How Do Really Dangerous Women Actually Behave?
Movie buffs are often captivated by the Hollywood femme fatale, portrayed as both seductive and dangerous at the same time. But when real life headlines of women accused of murder emerge, many potential jurors question the likelihood that a woman was capable of murdering her partner, believing there must be more to the story.
Media Portrayals of Dangerous Women
Throughout my career as a prosecuting attorney, I've prosecuted women for domestic violence. Researchers have corroborated the reality which I've witnessed first-hand: real cases are often very different from what's portrayed in the media.
In 2014, Kellie E. Carlyle et al., examined this issue in the aptly titled "Media Portrayals of Female Perpetrators of Intimate Partner Violence."
Recognizing Intimate Partner Violence (IPV) as a public health priority, they sought to understand how media portrayals of IPV impacted public policy and public opinion, acknowledging that such opinions are also relevant with respect to prevention efforts.
Carlyle et al. (ibid.) note that the Centers for Disease Control and Prevention (CDC) define IPV as "physical, sexual, or psychological harm by a current or former partner or spouse" that can take place "among heterosexual or same-sex couples and does not require sexual intimacy."
In their research, they analyzed portrayals of IPV in daily newspaper articles over a two-year period, and uncovered some very important information.
Women Who Kill
Carlyle et al. cite the case of defendant Jodi Arias, who was accused of killing her boyfriend Travis Alexander in June 2008.
He was found with multiple stab wounds, a slit throat, and a gunshot through his head.
Although Arias claimed self-defense, and her defense team portrayed her as the victim of a "controlling, psychologically abusive relationship," a jury convicted her of first-degree murder.
The sensational news coverage surrounding the Arias trial reinvigorated public debate about the ways in which the media portrays female IPV perpetrators, and Carlyle et al. (supra) sought to investigate how these portrayals impact public perception.
The Role of Gender Stereotypes
In examining the role of gender, Carlyle et al. (supra) found that in examining the potential motivator behind IPV as presented in news stories, articles with female perpetrators were more likely to also include motives involving self-defense, victim infidelity, money, and emotional distress.
They note that these reasons implicate gender stereotypes and themes.
For example, they note that women are often stereotyped as lashing out with violence due to being overly emotional and prone to responding "in the heat of passion."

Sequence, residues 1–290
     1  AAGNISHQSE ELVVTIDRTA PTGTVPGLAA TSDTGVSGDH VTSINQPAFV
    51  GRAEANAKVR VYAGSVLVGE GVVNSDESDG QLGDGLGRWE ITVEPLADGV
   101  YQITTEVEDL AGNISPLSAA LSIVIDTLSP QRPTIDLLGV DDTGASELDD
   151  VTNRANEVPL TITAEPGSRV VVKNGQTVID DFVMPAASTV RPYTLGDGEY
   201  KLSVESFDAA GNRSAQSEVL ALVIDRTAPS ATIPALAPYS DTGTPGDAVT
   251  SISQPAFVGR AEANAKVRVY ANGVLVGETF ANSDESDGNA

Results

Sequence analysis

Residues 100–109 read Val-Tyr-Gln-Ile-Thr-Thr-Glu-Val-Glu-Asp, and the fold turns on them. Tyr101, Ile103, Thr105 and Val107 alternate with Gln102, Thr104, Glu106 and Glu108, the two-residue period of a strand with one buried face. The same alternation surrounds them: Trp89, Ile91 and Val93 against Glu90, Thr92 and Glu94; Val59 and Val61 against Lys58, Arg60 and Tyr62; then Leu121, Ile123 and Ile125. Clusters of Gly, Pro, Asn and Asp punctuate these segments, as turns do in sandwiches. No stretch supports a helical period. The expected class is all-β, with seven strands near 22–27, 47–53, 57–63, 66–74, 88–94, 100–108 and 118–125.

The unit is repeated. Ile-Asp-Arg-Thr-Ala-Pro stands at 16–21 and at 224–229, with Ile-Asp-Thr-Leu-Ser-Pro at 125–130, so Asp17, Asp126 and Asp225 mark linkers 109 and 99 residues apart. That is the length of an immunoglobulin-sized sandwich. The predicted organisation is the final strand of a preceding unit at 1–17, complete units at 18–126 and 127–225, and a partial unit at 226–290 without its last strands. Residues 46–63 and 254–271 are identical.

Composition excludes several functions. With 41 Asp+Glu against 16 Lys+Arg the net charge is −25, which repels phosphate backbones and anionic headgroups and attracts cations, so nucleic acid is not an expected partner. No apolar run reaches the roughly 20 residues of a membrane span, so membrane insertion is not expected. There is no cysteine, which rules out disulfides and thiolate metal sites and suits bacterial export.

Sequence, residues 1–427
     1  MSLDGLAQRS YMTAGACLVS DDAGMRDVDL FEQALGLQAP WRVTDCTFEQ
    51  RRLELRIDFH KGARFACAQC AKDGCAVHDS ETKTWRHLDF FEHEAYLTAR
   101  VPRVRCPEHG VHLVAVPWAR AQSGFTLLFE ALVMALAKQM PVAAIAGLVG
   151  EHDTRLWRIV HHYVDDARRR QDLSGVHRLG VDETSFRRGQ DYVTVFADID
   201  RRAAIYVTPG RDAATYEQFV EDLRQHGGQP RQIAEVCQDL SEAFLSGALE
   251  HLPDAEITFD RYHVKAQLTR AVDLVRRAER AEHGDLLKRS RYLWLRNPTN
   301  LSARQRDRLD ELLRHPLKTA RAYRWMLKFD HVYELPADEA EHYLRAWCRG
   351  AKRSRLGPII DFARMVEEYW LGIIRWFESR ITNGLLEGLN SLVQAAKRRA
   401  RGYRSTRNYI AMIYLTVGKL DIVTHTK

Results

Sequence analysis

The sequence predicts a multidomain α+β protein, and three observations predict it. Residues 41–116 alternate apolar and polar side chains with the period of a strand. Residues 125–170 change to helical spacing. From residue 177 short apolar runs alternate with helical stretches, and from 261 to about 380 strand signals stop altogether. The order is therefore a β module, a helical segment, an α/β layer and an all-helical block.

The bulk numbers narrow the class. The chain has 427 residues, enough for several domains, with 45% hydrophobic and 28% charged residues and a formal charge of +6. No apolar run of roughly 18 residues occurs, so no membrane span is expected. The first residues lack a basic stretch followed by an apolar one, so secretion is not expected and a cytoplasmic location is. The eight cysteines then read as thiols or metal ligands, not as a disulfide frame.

They recognize another idea that has infiltrated the gender symmetry debate is the notion that women aggressively respond to violence by males, or that a couple engages in reciprocal violence.
Carlyle et al. (supra) acknowledge that there exists a large body of research supporting the reality of reciprocal couple violence, and recognize the speculation surrounding whether an aggressive woman has been domestically victimized in the past — which they note is not unreasonable.
They also note, however, that such speculation might indicate a tendency to explain why a woman is violent, where male violence might be understood as reflecting a man’s nature.
Carlyle et al. (supra) also noted that stories about female perpetrators included criminal history more often than for male perpetrators — which they opine might indicate a tendency to explain a woman’s aggressive behavior by establishing her tendency towards violence, establishing her as something other than a "typical" female.
Some People Are Just Dangerous
Carlyle et al. (supra) note that their findings indicate that women can become violent in circumstances other than self-defense — which supports the idea that some women might simply be violent by nature. They conclude that women are capable of extreme violence just as men are, challenging the gender symmetry notion.
The bottom line? We should be alert for red flags of violent tendencies from both men and women, hopefully sooner rather than later in a relationship in order to effectively intervene.
The preceding article was originally published in Psychology Today.
Wendy L. Patrick, JD, MDiv, Ph.D., is an award-winning career trial attorney and media commentator. She is host of "Live with Dr. Wendy" on KCBQ, and a daily guest on other media outlets, delivering a lively mix of flash, substance, and style. Read Dr. Wendy L. Patrick's Reports — More Here.
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